Oldest Twins in World Celebrate 102nd Birthday

Comstock/Thinkstock(BRECON, Wales) -- The oldest twins in the world had their cake and ate it too when they celebrated their 102nd birthday Wednesday. Ena Pugh and Lily Millward of Wales chalked up their centenarian health to “laughter and a good joke.”

The twins’ families presented the sisters with the most recent edition of the Guinness Book of World Records so they could check out their new entry, according to the UK’s The Sun. Pugh and Millward were born on January 4, 1910, making them the oldest pair on the planet.

Born to farmers in Garthbrengy, near Brecon, Wales, Millward and Pugh were two of 10 children. They are the only siblings still living, and both sisters’ husbands died about 20 years ago. The twins have 15 grandchildren and 12 great-grandchildren between them. The sisters reportedly talk on the phone every day despite both having significant hearing loss, and only recently have their weekly shopping and tea sessions slowed down because Millward broke her hip after a fall.

Nevertheless, the women were together on their birthday, and expressed gratitude for being blessed with happiness and good health.

“We used to work on the farm all day, but we would enjoy ourselves,” Millward told the Wales News Service. “It was a lot of fun and sociable. We’ve been very lucky and we have always had good health.”

But even in an era of complex exercise regimens, perfect diets and juice cleanses, it is genes more than lifestyle that play a major role in whether a person will reach centenarian proportions.

“At higher and higher ages, genetics play a larger and larger role,” said Dr. Alan Shuldiner, director of endocrinology, diabetes and nutrition at University of Maryland. “Many centenarians eat unhealthy diets, smoke, never exercised. I suspect genetics is a large reason why they have lived 204 years between them.”

About 84,000 centenarians live in the United States, and that number is expected to grow to 10 times that by 2050, according to the U.S. Census Bureau. While a study back in 2010 found that genes played a direct effect into a long life expectancy, 30 percent of the centenarians studied had a lifestyle that played a large role in their longevity.

Those lifestyle factors include the ones we should all know by now: exercise, a healthy diet, keeping weight off, not smoking, limiting alcohol, staying social and keeping the cognitive function fresh with reading and crossword puzzles.

Longevity is a complex process, said Dr. Heidi Tissenbaum, professor in the program of gene function and expression at University of Massachusetts Medical School.

“Although there are many that say a positive attitude is good, as well, thus far, studies on centenarians have shown that there is not one environmental factor that stands out,” she said.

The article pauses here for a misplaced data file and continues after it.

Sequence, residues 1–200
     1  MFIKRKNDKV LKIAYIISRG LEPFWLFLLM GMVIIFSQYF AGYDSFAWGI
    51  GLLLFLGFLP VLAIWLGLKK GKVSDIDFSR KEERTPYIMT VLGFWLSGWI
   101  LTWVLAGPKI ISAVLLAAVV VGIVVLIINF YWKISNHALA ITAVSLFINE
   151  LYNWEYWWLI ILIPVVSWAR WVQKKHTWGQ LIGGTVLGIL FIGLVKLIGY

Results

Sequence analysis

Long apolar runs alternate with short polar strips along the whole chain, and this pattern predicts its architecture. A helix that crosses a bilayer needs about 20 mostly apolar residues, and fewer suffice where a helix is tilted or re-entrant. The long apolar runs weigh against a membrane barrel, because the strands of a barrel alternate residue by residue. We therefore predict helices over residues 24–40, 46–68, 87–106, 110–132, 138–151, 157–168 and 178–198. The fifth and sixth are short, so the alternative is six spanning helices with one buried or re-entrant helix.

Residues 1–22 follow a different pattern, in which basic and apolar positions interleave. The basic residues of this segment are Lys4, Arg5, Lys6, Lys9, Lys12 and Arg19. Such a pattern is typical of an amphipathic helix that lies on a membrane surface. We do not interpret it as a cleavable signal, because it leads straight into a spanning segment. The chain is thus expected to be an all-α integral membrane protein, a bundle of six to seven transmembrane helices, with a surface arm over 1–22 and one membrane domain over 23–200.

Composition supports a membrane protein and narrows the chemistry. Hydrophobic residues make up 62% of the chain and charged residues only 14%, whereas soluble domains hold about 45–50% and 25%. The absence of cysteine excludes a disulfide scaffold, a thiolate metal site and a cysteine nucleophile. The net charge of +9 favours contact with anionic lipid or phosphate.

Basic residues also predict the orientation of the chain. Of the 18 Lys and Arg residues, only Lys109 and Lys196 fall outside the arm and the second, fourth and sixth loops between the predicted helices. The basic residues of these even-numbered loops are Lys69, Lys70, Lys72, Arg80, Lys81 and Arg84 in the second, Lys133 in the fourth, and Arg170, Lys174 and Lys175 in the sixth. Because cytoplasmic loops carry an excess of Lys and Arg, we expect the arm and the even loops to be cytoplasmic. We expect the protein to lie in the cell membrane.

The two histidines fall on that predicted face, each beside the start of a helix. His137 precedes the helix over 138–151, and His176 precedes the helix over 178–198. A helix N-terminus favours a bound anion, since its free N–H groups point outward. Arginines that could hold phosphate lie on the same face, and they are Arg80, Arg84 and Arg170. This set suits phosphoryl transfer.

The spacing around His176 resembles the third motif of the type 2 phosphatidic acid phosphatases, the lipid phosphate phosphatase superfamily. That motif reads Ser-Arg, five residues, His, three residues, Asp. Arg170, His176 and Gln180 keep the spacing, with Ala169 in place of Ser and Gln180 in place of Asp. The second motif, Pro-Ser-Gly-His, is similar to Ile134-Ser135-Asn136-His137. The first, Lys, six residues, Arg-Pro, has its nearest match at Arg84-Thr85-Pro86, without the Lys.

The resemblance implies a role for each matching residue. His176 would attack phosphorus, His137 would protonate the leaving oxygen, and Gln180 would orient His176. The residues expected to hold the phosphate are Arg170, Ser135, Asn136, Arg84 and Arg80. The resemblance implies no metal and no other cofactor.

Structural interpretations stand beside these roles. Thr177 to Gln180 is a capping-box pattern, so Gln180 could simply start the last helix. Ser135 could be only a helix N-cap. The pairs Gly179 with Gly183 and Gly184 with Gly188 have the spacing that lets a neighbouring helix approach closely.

“Clearly genetics play an important role and the fact that this is seen in twins confirms that, no less genome sequencing findings,” said Dr. Eric Topol, director of Scripps Translational Science Institute in San Diego. But he notes, “Laughter didn’t get known as the best medicine by accident!”

Copyright 2012 ABC News Radio


Possible Genetic Marker for Depression Risk Identified

Jupiterimages/Thinkstock(SAN ANTONIO) -- New research has identified a genetic marker that may pinpoint people at high risk for major depression, which scientists say could lead to earlier treatment.

Using blood samples from more than 1,100 Mexican Americans from 40 extended families, researchers at the Texas Biomedical Research Institute in San Antonio and Yale University found an association between a gene called RNF123, which plays a role in the growth of nerve cells, and the risk of major depression. They used a new method that analyzed more than 11,000 different genetic variables.

RNF123 can easily be measured in a person’s blood, which may make it possible to identify people at risk for this debilitating disorder.

“We might be able to know in advance that a person will be less able to respond to the normal challenges that come about in life,” John Blangero, a co-author and director of Texas Biomedical’s AT&T Genomics Computing Center, said in a press release.

While they don’t know exactly how RNF123 may lead to depression, the authors believe it could influence the structure of certain parts of the brain.

Scientists not involved in the study say this is a very promising new approach to zeroing in on how genetic factors manifest themselves in certain disorders.

“There have been a few markers shown to have some relationship to depression, but it’s been really hard to identify specific ones related to major depression,” said Adam Naj of the John P. Hussman Institute for Human Genomics at the University of Miami’s Miller School of Medicine.

Conventional methods of evaluating genetic risk involve comparing the genetic makeup of people who have a certain medical condition to people who don’t, and then going back to try to figure out what effects they have on the body. This type of analysis, Naj said, allows for more detailed identification of genetic factors.

“With this approach, we can try to figure out what the genetic variations may do to features closely related to the disorder,” he said.

Naj also said this method of analyzing heritable factors has been used in research on other conditions, such as cardiovascular disease and diabetes.

Copyright 2011 ABC News Radio


Battling Breast Cancer at 31